And then there’s just fan fatigue. Four years is a long time and some people will visit your official forums 14 times a day between the day you tell them you’re making Master Blasters Online and the day you finally release it. I cannot stress this enough. It doesn’t matter how awesome a game is, nothing can stand up to that kind of hype.
Not everyone out there is making the same mistake. Anyone know what ZeniMax Online is working on? We heard that the studio had been founded and it’s not hard to narrow down the list given they’re part of the same family as Bethesda (developers of Fallout and Oblivion), but we do not officially know what they’re doing. They do the bare the minimum amount of press necessary to recruit talent and I honestly do not expect that to change until they’re within a year of launch.
God bless them if they pull it off. They’re one of the few companies out there that at a glance has the resources, history and talent to make a really great game. Yet, compare the web buzz to Bioware’s and you know there is a big difference. No one has false assumptions and expectations (well, less so). Sure, they’re running under the radar right now, but the moment they unveil their game, that will all change.
MMOs do need to come out of hiding a bit earlier than most games due to the need of external QA: see Beta. Too often it’s a marketing ploy, but there are real issues that need to be nailed down in the process. Sure, to get a Beta going, you need to admit what you’re doing. That’s why, in my opinion, games should ride that initial wave of announcement hype straight into Beta.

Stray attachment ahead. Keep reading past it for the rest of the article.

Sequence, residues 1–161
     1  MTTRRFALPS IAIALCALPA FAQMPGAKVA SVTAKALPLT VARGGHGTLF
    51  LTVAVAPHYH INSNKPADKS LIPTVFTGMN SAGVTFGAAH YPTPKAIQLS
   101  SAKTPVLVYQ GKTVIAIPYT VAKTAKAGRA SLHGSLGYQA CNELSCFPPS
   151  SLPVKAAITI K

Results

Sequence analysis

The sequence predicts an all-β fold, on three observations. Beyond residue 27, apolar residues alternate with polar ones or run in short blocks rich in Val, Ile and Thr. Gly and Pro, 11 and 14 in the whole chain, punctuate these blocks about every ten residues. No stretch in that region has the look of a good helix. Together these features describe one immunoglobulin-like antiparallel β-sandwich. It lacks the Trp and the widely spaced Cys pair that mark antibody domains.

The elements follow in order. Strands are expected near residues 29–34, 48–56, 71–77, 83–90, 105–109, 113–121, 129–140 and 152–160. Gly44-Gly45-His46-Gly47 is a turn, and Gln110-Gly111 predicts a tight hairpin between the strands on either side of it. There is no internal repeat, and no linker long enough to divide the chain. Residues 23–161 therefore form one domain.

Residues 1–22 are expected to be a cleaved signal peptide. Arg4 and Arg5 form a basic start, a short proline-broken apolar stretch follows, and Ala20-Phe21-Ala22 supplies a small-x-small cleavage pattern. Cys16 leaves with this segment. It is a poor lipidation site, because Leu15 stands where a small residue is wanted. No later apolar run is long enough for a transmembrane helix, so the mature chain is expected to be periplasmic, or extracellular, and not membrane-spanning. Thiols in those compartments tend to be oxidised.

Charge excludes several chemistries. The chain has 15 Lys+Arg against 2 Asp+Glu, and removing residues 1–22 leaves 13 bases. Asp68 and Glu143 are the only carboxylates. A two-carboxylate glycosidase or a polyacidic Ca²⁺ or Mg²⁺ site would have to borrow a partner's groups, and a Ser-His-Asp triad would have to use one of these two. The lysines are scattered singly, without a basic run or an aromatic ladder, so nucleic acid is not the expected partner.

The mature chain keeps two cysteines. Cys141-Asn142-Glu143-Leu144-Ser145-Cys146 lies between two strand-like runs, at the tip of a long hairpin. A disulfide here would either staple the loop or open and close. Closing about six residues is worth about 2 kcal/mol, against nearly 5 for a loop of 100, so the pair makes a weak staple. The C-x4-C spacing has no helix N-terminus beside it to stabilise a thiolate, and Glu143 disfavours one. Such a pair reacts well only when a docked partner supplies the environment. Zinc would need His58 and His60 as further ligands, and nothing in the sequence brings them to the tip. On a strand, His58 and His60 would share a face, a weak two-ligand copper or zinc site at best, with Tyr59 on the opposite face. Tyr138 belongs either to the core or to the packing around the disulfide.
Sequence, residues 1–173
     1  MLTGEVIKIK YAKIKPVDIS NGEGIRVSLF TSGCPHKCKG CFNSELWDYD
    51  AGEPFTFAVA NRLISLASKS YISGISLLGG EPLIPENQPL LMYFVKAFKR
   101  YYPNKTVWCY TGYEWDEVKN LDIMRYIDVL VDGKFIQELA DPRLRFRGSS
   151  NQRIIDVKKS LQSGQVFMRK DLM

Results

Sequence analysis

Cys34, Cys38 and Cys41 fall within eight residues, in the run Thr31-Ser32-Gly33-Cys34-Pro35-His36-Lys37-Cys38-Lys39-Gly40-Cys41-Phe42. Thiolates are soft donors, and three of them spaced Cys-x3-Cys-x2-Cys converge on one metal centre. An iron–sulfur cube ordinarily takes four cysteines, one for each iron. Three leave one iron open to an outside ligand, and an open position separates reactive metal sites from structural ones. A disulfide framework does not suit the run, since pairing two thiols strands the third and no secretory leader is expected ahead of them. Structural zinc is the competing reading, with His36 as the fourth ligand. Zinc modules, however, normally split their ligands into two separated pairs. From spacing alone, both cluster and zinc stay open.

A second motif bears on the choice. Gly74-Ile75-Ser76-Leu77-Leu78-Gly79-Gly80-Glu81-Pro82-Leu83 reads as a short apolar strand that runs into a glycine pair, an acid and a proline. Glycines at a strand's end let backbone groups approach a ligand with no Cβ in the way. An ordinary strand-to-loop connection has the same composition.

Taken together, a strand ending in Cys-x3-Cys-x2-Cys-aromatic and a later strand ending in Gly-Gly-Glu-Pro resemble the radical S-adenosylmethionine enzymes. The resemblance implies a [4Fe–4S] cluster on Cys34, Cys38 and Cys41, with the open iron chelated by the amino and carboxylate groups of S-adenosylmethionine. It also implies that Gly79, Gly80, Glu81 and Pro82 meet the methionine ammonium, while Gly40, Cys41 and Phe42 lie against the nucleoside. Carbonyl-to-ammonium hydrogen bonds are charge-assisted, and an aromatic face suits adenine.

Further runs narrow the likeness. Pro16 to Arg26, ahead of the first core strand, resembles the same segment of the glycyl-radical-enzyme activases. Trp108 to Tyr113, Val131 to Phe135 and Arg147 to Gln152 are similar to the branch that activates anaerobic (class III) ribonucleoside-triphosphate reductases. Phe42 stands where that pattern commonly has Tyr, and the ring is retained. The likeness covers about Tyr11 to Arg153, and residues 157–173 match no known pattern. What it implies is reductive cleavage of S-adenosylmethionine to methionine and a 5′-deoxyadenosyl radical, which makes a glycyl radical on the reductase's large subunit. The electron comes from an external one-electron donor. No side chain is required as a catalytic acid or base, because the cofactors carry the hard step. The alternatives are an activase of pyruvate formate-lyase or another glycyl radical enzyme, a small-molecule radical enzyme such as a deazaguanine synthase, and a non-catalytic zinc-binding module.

If they do that, people don’t have time to get carried away. They’re in, they’re playing and they know what they’re dealing with. The game still has to be good to succeed, but plenty of hugely hyped games have failed. A confident company will let the game speak for itself. In fact, I’d argue the bigger the hype, the higher the bar, and the more likely a game is to fail.
Look at Age of Conan and Warhammer Online. They’re not bad games. They have their flaws, especially at launch, but there are plenty of games out there that have bigger flaws and don’t get half the flack Mythic and Funcom do. The fact is, people expected so much, that when these games admittedly disappointed, there was no going back.
High expectations are great when you meet them, but they’ve gotten so out of control in recent years that only one game has met them: World of Warcraft. And as far as the tradition hype channels go, they were a lot quieter than most until the time came.
It’s natural to get excited and love what you’re working on, but while that sounds great on paper and feels awesome at first, the pre-release phase can also be emotionally draining and distracting. The constant abuse for each decision is tougher to swallow when the project is just eating money. After launch, people know where they stand. Before launch, it’s all up in the air. This amplifies complaints and opinions, and leads developers to put undue weight on what might be a small, but vocal, minority in the community.
So, as much as it pains me to say it: MMO developers need to keep those lips sealed. The pitfalls are too many, the benefits too few. While it might be less fun for reporters and fans alike in the short term, the games themselves would be better served by silence. And when games are successful, it's more fun for everyone.